Danny’s Kitchen is a lovely find in Suzhou’s dining scene, one of a rare breed of restaurants that makes eating out feel like a sinfully indulgent experience. The kitchen serves some clever interpretations of popular classics: think thick, creamy, foamy mushroom soup served in a cappuccino coffee cup, or a seafood-risotto-inspired dish adapted to local tastes. Instead of the usual Arborio rice, this dish is cooked with orzo, a short-cut pasta with a tender texture. Other French and Italian dishes on the menu include caramelized foie gras with candied fruit, and braised rack of lamb. Desserts are just as decadent. The soufflé with ice cream is fluffy and pillowy soft, and a hint of orange zest provides a delightfully refreshing lift to the flavors. Prices are reasonable considering the quality of food. Set dinner menus are priced from ¥588, and lunch sets are available from ¥168.

Hua Chi 88
The Chinese restaurants in the Hyatt brand of hotels are widely recognized for serving some of the best roast duck you could find in China. In Suzhou, this is no different. A seven-ton brick oven imported from Beijing fires up these succulent morsels, and for ¥288, diners get a whole bird that’s deliciously roasted to perfection, with crispy, thin skin wrapped around plump, juicy flesh. While the duck is certainly the star of the restaurant, it’s also worth noting that the establishment is also known for a range of Chinese culinary delights that focus on fresh, seasonal ingredients. We recommend bringing a dining party of at least six to eight; this will allow you a generous sampling of the restaurant’s best dishes.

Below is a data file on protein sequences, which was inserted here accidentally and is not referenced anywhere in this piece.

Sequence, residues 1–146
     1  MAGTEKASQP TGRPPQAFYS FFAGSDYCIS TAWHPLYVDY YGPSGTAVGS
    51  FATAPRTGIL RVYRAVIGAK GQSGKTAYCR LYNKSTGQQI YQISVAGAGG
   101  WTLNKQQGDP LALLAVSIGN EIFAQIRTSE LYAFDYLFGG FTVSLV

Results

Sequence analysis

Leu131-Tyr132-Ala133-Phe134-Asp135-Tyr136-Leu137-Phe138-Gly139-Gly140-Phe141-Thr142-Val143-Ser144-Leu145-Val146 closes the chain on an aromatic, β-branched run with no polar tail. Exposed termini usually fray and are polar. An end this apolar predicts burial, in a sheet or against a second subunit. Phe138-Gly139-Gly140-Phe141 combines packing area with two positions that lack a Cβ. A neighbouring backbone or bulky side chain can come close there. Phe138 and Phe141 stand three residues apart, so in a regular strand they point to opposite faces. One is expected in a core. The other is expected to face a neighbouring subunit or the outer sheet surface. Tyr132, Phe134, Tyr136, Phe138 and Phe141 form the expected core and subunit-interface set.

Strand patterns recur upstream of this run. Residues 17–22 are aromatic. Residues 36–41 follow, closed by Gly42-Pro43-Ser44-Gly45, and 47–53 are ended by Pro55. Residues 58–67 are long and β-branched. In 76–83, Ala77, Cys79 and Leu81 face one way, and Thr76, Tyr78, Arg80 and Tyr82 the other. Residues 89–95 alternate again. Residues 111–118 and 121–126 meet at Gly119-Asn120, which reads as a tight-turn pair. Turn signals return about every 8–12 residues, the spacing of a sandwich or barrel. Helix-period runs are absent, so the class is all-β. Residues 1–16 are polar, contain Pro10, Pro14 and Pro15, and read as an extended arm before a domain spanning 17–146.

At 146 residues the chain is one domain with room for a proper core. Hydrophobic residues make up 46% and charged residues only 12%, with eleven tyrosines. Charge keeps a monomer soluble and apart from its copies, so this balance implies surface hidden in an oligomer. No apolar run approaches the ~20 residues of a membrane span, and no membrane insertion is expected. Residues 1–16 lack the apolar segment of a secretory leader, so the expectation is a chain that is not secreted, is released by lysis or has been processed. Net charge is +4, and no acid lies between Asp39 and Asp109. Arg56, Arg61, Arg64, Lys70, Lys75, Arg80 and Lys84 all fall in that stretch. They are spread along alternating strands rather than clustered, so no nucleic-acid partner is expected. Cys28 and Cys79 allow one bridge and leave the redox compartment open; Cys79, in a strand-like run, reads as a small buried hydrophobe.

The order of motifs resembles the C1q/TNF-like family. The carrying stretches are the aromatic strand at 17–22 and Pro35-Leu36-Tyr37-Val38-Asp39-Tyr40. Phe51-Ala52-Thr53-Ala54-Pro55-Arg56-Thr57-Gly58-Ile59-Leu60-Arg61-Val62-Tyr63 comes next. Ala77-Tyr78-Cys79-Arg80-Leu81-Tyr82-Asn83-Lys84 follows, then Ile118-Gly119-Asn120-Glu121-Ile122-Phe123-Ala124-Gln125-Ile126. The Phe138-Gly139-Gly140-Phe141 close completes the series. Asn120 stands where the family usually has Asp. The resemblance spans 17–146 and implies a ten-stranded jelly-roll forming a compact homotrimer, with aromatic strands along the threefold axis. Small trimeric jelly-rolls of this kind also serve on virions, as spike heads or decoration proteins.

Nishimura
Japanese dining options are aplenty in Suzhou, but quantity is seldom a substitute for quality. Nishimura happens to be one of the very few Japanese restaurants in the city that makes good on its promise of fresh ingredients and authentic flavors. Our favorite order at the restaurant is the fresh sashimi platter. Each slice is always cut to the perfect thickness. Service here is top notch. Waiters are warm and friendly without being obsequious, and they are attentive enough to notice when a tea cup needs to be refilled. After dinner, linger around and knock back a few glasses of sake. Additional tip: the restaurant gets its delivery of fresh fish every Wednesday morning, so this is probably the best day to make a reservation.

Riva Steak House
This is indisputably the best steakhouse in Suzhou. The restaurant boasts an open kitchen, and design magazine-worthy interiors of brick and plush leather. The main attraction, however, is the steak. Once you’re seated, you’ll first get to choose a steak knife. After you’ve selected your choice of meat, it’s brought to the table piping hot on a butcher’s block, then branded with the Riva logo. The lovely juices of the meat sizzle into a huge cloud of charred smoky awesomeness, and at this point, you’ve become quite delirious with the anticipation of beef, beef and more beef. But save space for dessert. The homemade chocolate flower pot sundae is a perennial favourite. It looks like a potted flower, but the entire creation—even the pot itself—is actually made from ice cream, chocolate, cookies, gummies and mint. Truly decadent!

TBoat